7. In a shallow baking dish (I use an 8 x 8 glass baking dish) make your ferric chloride solution by adding the powdered ferric chloride to the water. Add the ferric chloride to the water. The water will cool off the solution, and there will be some chemical reaction, some heat and smoke. That's why you want to add the acid to the water, not vice versa. (Remember it as coming in alphabetical order, "A"cid first into the "W"ater . . . A before W.) Stand back and do not breathe the fumes.
Note about mixing the solution: I don't do anything like "so many cups of water to so much acid." I go by color. If you make your acid the color of weak green tea, it will take a long time, possibly up to 4 hours, for a good etch, but it will be a very beautiful etch. If you make it the color of cola, it will take about an hour to etch. I use the cola color and achieve great results. Anything darker takes less time, but it may be a very uneven etch with rough design edges or undercuts. So add the acid to the water and stir with the plastic spoon (or it will stick to the dish) until you've achieved the color you want.
8. Cover the back of your metal piece with a layer of the wide Scotch packing tape, which holds better than other tapes, and allow enough tape on each end to attach to the sides of the dish and over the side by a few inches.
9. Suspend the metal design-side-down in the solution, not allowing it to touch the bottom of the dish, yet allowing it to be submerged into the ferric chloride. More than one piece can be done at one time. Sometimes some of the ferric chloride will seep under the tape. I haven't found a way to keep this from happening, but it usually doesn't bother the back of the piece too much.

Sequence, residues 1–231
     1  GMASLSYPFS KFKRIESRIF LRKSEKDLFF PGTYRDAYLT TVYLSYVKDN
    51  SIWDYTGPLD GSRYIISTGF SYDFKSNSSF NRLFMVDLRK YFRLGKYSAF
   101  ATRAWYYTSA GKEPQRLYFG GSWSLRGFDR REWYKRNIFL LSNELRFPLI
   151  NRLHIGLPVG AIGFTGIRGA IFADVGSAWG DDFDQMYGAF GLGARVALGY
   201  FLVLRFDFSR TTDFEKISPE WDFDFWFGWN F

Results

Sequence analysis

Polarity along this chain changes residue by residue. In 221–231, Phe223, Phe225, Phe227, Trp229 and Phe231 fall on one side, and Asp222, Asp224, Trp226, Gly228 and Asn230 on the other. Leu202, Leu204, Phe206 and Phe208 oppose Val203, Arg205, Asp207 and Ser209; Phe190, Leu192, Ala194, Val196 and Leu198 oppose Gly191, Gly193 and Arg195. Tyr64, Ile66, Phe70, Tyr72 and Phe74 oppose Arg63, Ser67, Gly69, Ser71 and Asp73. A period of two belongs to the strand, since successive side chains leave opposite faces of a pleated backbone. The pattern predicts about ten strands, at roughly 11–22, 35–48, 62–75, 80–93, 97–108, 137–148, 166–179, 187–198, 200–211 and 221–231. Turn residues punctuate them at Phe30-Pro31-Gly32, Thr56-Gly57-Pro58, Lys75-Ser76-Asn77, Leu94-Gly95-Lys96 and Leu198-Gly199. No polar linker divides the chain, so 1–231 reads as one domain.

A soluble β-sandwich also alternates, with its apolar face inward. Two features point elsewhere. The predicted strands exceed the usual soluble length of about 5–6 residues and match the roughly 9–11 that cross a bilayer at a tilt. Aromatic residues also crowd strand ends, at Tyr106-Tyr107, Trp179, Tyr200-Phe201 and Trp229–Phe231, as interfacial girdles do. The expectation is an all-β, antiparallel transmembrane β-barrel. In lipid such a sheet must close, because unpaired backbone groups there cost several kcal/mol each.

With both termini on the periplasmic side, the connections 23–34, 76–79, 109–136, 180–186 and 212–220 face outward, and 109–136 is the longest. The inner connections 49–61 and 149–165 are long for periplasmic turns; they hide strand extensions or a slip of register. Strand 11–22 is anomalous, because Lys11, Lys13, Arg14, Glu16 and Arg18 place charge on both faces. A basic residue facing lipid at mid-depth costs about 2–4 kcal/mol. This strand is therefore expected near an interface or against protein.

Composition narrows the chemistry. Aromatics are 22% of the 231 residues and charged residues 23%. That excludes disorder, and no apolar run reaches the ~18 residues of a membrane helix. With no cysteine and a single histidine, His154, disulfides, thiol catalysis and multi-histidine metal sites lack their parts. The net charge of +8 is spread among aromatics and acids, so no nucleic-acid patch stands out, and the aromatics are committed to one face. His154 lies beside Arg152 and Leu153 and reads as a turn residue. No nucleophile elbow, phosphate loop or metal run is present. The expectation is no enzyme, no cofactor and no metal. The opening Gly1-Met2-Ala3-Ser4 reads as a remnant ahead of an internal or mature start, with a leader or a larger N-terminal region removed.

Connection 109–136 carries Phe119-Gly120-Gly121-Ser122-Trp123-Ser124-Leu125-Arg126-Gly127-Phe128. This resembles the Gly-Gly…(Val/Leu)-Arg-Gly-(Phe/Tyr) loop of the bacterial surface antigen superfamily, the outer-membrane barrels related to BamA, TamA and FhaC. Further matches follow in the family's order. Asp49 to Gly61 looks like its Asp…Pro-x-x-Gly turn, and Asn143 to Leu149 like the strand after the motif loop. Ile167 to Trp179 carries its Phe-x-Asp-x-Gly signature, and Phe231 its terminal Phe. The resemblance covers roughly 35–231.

Note: Some teachers tape pieces of Styrofoam to the back of the copper pieces so the pieces float on the acid. I'm still trying to perfect this technique . . . stay tuned.
10. Periodically jostle the solution, or stir it with a craft stick or wooden chop stick about every 15 minutes. After 45 minutes or an hour, check the metal by removing it from the solution and holding it at an angle to estimate how deep the etch appears. You can run your fingernail over the design to check the depth of the etch, too. Wash your hands well.
11. When you've achieved the desired depth of the etch, remove the metal from the solution and put it in the baking soda and water solution. See below for what to do with the ferric chloride solution.
12. Remove it, dry with paper towels, and then scrub the surface with nonacetone nail polish remover and a green scrubbie or 3M Finishing Film to remove the ink. Tip: Something that works great, thanks to the advice of my good friend and student, Marletta, is Citrasolv. It removes the PnP ink better than anything I've ever found! It's available at Sprouts or your local health food store. Try it, you'll love it! I promise!
13. I finish by sanding the piece with some 3M Finishing Film, which creates a soft finish. File or sand the edges with an emery board used for acrylic nails and use your burnisher to bring a high polish to the edges of the piece.
Now that the etching for part one is done, next we will attach it to a silver back plate and finish off our necklace, on Friday. "Tune in next time! Will Lexi be able to solder two different metals (copper and silver) together without them melting? Will the bail attach properly? Will the pendant be on a chain or beads? Tune in to find out!" (Bullwinkle fade out music here.)
Have fun, be safe,
NOTE: How to Dispose of Ferric Chloride Solution
You may not put the solution down the drain because of residual copper ions left in it. Allow the solids to settle, pour off the liquid into another container, and add water to dilute it; then it can be poured down the drain. The residual sludge left in the dish should be poured into a plastic container, sealed, and disposed of at the local hazardous waste disposal facility. Take care to store in a covered container so it will not be available for pets or small animals to get into.
PnP Paper Image Transfer Film: Reactive Metals
Powdered Ferric Chloride: The Science Co. 303-777-3777